February 2019 // Volume 57 // Number 1 // Editorial // 1ED1
JOE by the Numbers and February JOE Highlights
In "JOE by the Numbers," I provide the annual reporting of JOE author and readership data, which, as always, signify the journal's diverse nature. A concentration on youth permeates this issue of JOE, and in "February JOE Highlights," I touch on but a few of the topics addressed in the associated articles. Also in that section, I call attention to articles that, like the data in "JOE by the Numbers," underscore the wide-ranging emphases expressed in the pages of JOE.
JOE by the Numbers
Because the discipline of extension—extending the resources of academia to serve the public—is extraordinarily wide ranging, the content of JOE, the journal's authors, and the journal's readers are notably diverse. Of course, JOE addresses the major programmatic areas of the U.S. Cooperative Extension System, but the aggregate of consequential topics within each of those areas is vast. And deep is the bench of Extension personnel who contribute through JOE to knowledge on those topics—they work across all program areas, in varied job roles, and throughout the United States. Moreover, their expertise is applicable far beyond geographic borders, leading people from around the globe to consult JOE. The data we present in the first issue of JOE each year are the details underlying the story of JOE's diversity.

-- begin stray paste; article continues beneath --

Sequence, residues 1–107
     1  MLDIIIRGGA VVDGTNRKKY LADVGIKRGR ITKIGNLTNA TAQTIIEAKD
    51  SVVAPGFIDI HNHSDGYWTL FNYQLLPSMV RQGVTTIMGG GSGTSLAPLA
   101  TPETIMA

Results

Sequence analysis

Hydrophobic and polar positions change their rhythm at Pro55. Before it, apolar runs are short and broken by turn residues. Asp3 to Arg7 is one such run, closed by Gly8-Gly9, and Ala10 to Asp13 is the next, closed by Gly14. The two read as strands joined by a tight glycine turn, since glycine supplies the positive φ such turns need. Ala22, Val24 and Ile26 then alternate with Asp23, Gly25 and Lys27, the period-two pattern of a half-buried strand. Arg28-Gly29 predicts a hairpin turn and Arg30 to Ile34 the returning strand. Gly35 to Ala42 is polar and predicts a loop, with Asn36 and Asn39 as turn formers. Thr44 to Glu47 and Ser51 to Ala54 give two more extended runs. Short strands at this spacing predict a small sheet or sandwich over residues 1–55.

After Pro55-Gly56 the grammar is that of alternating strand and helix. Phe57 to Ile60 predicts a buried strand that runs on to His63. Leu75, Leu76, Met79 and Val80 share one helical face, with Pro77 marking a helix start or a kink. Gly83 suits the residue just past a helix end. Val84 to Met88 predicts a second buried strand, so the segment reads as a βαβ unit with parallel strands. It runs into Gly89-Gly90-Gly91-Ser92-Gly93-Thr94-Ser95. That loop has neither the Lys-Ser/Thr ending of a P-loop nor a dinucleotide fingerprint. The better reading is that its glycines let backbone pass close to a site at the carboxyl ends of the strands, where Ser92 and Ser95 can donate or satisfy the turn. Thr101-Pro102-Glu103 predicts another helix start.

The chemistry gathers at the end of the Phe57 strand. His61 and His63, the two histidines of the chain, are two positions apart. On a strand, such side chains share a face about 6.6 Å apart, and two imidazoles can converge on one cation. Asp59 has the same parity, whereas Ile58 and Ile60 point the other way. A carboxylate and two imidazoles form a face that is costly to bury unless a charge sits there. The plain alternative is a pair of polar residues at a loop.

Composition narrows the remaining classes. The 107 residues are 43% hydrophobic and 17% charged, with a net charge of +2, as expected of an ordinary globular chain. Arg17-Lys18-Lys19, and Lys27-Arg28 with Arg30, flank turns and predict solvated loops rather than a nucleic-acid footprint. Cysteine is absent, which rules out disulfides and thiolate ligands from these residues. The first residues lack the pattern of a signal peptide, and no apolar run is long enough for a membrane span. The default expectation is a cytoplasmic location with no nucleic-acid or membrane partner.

Articles published in JOE in 2018 were written by authors from 44 states, the District of Columbia, and Canada. States with the highest representations of JOE authors were Washington (17 articles), Nebraska (15 articles), Ohio (14 articles), and Oregon (13 articles). In 2018, we published JOE's first special issue, on the topic of innovation in Extension. A call for abstracts garnered more than 180 submissions representing 47 institutions and 40 states. Amazed by the ingenuity demonstrated in those abstracts, our guest editors regretted that they could invite only a couple dozen authors to submit full manuscripts for potential publication.
In 2018, JOE statistics-collecting software recorded 702,913 users of the JOE site and 1,151,491 page views. Additional readership statistics and definitions of relevant terms are provided at About JOE: Website Statistics. Also in 2018, JOE attracted readers from 229 nations and territories. Beyond the 285,587 visits from within the United States, nations most often accessing JOE were Philippines with 63,534 visits, India with 49,002 visits, and United Kingdom with 36,875 visits. The complete list is available at Website Statistics: Nations & Territories Accessing JOE in 2018.
Top 50 Most Read Articles
So what sparked the interest of JOE’s 700,000-plus users in 2018? The list of the top 50 most read articles for the year, as well as lists from previous years, can be accessed from About JOE: Website Statistics. For articles on the 2018 list, the number of views ranged from 2,680 to 34,622. Nine of the entries had not been listed in 2017, and the article with the greatest gain from 2017 moved up 17 places. That article, which was published in 2014 and relates to home vegetable gardening, had debuted on the top 50 list only the preceding year. Older articles have their place in JOE’s top 50 as well. The second most read article, which explores employee motivation, is from 1998, and the oldest article, on nominal group technique, is from 1984.